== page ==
Provision Concepts’ fresh take on Middle Eastern and Levantine-Mediterranean flavors.
Chisholm Creek’s newest locally owned concept is Riserva Bar and Tapas at 1332 W. Memorial Rd. — a collaboration between Jeff Dixon’s Provision Concepts (Broadway 10, Hatch, Sidecar, etc.) and James Beard Award nominee Chef James Fox, owner of Phoenix’s Vecina restaurant. Fox made his first appearance in the OKC food scene as the consulting chef at Dixon’s Culprits, the ground-floor restaurant in Bricktown’s Renaissance Hotel.
Dixon struck up his relationship with Fox after a few visits to Vecina and then took his culinary director Edd West out for a visit, a trip that was the groundwork for Culprits and the beginning of what is proving to be an excellent partnership. Riserva is a departure for Dixon, who built his brand on a chophouse, cocktail bar and brunch concept. His concepts melded almost seamlessly into OKC’s culinary landscape because they’re right down the middle of our Oklahoma palate.
Riserva is something else entirely. While we have an abundance of Levantine food in the 405 — especially Lebanese cuisine — Riserva doubles down on the Levantine-Mediterranean genre by expanding the flavor palette and dishes, and not toward southern Europe. Instead, Fox reached deeper into the Middle East and North Africa to create tapas with big, bold and often spicy flavors.
“I wanted to do something new and different for Oklahoma City,” Fox said. “When people think Mediterranean, it’s usually Greek or Italian, and in OKC, Lebanese. I love all of them, but I really wanted to expand the options, and the Provision Concepts team was excited about it.”
Tasting Fox’s food, it’s easy to get excited. The big, bold flavors he loves are there, but so are balance, texture and layers of complexity. Some of the items on the menu will sound familiar to local diners: hummus, tagine, baba ghanoush, etc. However, mixed in with the usual suspects are dishes we don’t see often, the chief of which is muhammara.
The dip is a staple all over the Middle East, but seldom, if at all, found in Oklahoma, despite the ease of finding its ingredients here — pureed red bell pepper and coarsely chopped walnuts being the important components. The nutty bitterness of the walnuts combines with the touch of sweetness and tang of the red peppers to create a beautiful contrast and an addictively compelling opening round. The fresh pita is a welcome addition, too.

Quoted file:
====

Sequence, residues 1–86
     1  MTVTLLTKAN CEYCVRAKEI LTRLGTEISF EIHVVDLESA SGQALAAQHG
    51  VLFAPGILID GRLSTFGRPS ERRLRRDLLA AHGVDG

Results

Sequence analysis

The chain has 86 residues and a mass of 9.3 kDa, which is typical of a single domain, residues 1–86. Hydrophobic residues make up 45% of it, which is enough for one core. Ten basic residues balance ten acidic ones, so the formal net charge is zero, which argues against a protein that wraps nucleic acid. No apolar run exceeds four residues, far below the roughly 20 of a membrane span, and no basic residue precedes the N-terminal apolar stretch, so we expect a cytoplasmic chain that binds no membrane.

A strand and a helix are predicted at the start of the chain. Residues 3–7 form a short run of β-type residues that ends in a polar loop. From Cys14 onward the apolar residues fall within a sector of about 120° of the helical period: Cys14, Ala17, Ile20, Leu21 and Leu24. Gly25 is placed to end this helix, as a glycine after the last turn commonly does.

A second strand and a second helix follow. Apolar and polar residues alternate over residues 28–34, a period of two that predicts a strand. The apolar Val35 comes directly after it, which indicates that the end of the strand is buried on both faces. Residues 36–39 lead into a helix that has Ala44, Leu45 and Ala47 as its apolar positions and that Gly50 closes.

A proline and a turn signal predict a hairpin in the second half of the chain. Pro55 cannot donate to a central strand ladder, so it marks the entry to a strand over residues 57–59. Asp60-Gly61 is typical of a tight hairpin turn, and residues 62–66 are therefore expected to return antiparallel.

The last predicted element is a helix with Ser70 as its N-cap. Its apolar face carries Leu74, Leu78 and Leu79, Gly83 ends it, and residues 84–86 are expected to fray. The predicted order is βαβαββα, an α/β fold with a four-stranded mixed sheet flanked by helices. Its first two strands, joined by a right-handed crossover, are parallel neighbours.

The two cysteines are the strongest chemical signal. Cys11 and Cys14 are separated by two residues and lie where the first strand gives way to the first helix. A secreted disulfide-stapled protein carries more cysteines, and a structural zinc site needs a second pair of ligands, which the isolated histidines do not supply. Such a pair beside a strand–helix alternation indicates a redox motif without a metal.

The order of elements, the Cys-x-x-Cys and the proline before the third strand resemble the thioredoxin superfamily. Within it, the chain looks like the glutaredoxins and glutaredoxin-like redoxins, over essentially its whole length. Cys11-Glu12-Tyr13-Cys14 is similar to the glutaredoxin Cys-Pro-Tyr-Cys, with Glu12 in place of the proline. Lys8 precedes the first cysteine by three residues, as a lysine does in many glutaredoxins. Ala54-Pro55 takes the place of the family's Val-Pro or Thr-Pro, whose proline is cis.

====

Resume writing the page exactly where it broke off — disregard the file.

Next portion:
“I had muhammara in a few restaurants where I’ve worked, and I love the way the flavors work together,” Fox said. “It was a no-brainer to bring it to Oklahoma City. We’re making modern American food with inspiration from the Mediterranean; we’re not a Mediterranean restaurant, but this is as close to a traditional dish as you’re likely to find.”
The swordfish skewers are sure to be best-sellers. Yes, swordfish. Fox said he wanted to include a healthy fish on the menu, and while it may be healthy, its rich taste may well make diners forget about its nutritional benefits. The dish relies on chermoula — sort of the chimichurri of North Africa — fresh herbs and toum, a garlic sauce or paste common in the Levant. The result is a mild fish with a huge flavor punch that somehow doesn’t overwhelm the star.
The menu is full of flavor bombs like house-made merguez, shawarma and harissa shrimp. Healthy options abound, too, including inexplicably delicious cauliflower. The full bar opens onto the waterside patio, and both cocktail and wine lists are designed to optimize the Mediterranean experience. In Riserva’s case, different is delicious.